As mentioned above mental images are an extent of perception and not an exact copy of it. To explain this, Stephen Kosslyn refers to two different levels of a mental image. The first one has to do with the codification of the details of the perceived object, such as its dimensions and characteristics along with the proportions. The second level has to do with the codification of the “spirit”, the “spine” of the perceived scene without paying attention to the details. This is a very important procedure since it is the starting point for the creation of new mental images. If a mental image doesn’t make it to the second level it will soon fade and will eventually be erased from our memory. What do mental images look like? Mental images have many similarities to perceived ones; this is only reasonable as, in many cases they derive from perception. They occupy a certain space; they are changeable and quite realistic. The space of a mental image has raised issues in the field of cognitive science for quite some time. In order to explore this mysterious area, scientists Roger Shepard and Jacqueline Metzler (1971) and Steven Pinker (1980) performed a series of tests where they asked participants to mentally rotate three-dimensional objects. Their findings led them to the conclusion that mental images are formed in three-dimensional space that resembles perceived space.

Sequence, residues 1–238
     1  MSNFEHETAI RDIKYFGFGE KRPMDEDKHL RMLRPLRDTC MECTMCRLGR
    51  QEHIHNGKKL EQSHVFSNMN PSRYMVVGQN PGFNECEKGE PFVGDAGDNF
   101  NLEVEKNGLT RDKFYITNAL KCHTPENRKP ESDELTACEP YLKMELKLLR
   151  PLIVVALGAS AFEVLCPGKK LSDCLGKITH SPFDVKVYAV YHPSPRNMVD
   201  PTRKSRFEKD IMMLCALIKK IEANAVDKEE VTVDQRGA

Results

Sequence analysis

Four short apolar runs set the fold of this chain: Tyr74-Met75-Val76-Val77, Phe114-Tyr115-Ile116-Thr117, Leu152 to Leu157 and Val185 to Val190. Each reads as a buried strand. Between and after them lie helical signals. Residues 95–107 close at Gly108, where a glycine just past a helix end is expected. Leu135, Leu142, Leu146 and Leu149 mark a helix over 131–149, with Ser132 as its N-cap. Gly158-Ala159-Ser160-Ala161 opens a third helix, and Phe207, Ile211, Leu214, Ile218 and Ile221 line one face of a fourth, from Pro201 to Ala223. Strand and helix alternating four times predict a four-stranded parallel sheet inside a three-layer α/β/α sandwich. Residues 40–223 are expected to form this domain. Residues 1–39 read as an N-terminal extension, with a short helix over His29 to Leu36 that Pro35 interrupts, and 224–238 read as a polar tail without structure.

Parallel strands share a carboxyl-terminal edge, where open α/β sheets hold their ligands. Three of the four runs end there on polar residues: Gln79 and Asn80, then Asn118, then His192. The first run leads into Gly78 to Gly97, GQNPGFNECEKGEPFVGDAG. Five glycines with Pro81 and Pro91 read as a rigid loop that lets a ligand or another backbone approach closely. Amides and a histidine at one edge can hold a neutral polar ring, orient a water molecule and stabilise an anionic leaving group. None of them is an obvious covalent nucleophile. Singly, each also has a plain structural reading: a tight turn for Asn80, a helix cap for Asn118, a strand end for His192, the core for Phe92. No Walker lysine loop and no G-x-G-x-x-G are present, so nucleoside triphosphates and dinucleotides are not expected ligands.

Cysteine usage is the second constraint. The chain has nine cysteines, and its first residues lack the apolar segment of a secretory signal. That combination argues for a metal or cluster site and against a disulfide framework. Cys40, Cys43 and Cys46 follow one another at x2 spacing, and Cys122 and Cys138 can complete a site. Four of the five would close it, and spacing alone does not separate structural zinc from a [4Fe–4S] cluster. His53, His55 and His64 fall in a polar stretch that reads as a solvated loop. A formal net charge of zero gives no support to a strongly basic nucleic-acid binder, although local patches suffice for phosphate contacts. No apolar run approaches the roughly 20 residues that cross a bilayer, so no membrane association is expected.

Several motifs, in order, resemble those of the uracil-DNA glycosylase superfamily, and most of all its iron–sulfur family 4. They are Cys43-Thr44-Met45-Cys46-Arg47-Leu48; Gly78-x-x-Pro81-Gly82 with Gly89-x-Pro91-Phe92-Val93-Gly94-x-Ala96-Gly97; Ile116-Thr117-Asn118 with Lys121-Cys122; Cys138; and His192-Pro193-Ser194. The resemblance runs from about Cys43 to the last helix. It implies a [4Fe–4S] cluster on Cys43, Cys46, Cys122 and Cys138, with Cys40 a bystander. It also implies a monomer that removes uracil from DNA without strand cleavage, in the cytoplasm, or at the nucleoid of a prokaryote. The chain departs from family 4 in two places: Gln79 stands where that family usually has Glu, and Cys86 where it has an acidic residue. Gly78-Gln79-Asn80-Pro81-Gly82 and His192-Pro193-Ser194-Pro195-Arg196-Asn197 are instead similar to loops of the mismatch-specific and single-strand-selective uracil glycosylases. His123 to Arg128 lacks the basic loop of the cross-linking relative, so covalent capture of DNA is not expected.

Mental images and photographs Can we claim that a mental image is a kind of a photograph taken by our brain? This is not true. A mental image is a dynamic element that can be different for different people. The human brain doesn’t “take a picture”; it doesn’t keep the whole image as it was at the time that our eyes saw it. What our brain does, using its mechanisms, is that it keeps the necessary elements that help both in maintaining an image as well as creating a new one. These elements, mediated by our experiences and our memories create our image of the world. Sapfo Ichtiaroglou


CREDITS

Scientific support on Psychological Theories Sapfo Ichtiaroglou, BSc in Psychology, Aristotle Uinverisity of Thessaloniki Photography, Post-production & book editing Konstantinos Noulis BA student, Photography, University of East London


Mental Photography by Konstantinos Noulis  

A photographic experiment on how we perceive and recreate the world in our minds